“I have never spent two more miserable hours in my life. Every scene was cheap and vulgar. They didn’t realize that the ‘30s were a very innocent age, and that it should have been set in the eighties — it was just froth; it makes you cry it’s so distasteful.” – Fred Astaire
“Pennies begins with Martin in a state of despair that only intensifies as the movie progresses. Martin achieves his dream of opening a record store only to watch it die an unmourned death. Peters becomes pregnant, gets an abortion, and sinks into prostitution at the behest of Christopher Walken’s tap-dancing pimp. And while there is no sweeter phrase in the English language than ‘Christopher Walken’s tap-dancing pimp,’ I actually prefer Verner Bagneris’ otherworldly solo to the title song to Walken’s rightfully revered strip-tease tap-dance to ‘Let’s Misbehave.’ ” – Nathan Rabin at The AV Club
Emotionally, hits higher highs than the miniseries version, but not as low lows. Bob Hoskins was definitely a better, slimier and more depraved Arthur, but Steve Martin is fine. More importantly, the sets, design, musical numbers and camera work are all glowing and gorgeous in this version. The story is depressing enough without stretching it over four hours… some character dev gets lost, but the essence is all still here. Ross (or DP Gordon Willis, of the “Godfather” series and all the good Woody Allen films) lets the scenes play out in front of the camera without excessive cutting, proving that everyone in the cast was equal to their dancing challenges.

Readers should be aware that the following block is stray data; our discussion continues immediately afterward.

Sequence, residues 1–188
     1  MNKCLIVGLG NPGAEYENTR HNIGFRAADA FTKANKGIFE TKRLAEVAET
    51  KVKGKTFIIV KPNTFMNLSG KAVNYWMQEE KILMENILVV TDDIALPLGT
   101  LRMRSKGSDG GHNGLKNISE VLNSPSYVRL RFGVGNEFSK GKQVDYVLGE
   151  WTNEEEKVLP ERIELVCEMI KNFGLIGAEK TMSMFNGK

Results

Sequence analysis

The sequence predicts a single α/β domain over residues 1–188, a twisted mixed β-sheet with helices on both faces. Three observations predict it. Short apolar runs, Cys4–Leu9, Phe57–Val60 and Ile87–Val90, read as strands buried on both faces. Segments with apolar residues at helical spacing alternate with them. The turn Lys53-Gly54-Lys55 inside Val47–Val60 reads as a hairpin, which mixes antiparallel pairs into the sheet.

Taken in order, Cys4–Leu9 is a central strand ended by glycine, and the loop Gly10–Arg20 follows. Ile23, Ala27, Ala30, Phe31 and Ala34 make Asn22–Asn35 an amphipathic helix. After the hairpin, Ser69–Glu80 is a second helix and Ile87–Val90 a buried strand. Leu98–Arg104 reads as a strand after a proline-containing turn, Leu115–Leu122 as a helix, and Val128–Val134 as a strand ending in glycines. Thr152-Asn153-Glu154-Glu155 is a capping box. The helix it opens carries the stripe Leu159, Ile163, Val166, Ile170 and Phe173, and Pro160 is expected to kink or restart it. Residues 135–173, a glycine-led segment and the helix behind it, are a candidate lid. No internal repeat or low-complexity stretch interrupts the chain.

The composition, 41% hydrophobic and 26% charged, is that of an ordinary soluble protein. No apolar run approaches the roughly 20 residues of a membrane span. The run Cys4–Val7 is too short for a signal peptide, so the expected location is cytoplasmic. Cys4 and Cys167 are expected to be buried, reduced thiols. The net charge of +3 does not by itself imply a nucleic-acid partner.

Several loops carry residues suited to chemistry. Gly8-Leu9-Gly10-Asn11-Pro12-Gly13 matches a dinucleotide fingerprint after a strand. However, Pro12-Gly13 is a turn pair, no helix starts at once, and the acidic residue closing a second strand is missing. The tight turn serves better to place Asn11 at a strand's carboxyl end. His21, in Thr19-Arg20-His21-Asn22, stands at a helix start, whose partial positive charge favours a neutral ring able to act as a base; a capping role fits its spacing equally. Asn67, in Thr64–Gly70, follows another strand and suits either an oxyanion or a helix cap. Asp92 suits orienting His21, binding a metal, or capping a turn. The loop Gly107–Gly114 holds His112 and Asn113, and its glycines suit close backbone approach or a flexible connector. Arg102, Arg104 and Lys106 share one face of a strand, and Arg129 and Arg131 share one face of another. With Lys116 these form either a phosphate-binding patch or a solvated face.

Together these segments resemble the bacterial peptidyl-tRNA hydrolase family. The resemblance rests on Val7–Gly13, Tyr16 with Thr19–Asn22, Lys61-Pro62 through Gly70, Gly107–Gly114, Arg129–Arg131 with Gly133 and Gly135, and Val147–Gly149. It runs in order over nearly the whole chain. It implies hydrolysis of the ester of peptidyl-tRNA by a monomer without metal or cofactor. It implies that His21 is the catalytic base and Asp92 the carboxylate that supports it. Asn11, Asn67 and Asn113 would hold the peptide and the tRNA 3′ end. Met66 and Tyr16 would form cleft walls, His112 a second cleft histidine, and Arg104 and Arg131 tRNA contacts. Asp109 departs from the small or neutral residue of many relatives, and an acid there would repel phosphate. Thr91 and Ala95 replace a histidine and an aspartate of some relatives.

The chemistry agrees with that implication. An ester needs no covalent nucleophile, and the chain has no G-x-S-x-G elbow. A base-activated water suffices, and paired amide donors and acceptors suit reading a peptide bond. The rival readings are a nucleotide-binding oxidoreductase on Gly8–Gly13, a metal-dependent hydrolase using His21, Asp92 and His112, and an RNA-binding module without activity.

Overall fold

Martin’s wife stalking him through the bedroom holding scissors while singing “It’s a Sin to Tell a Lie” is truly awesome, but as Nathan Rabin says, it’s the title song that kills me. Incredible movie, I loved it. Katy walked out.
Bernadette Peters as the corrupted schoolteacher turned prostitute
Jessica Harper as Arthur’s repressed and frightened wife
“Christopher Walken’s tap-dancing pimp”
The cops close in, fantasy version
The cops close in, actual version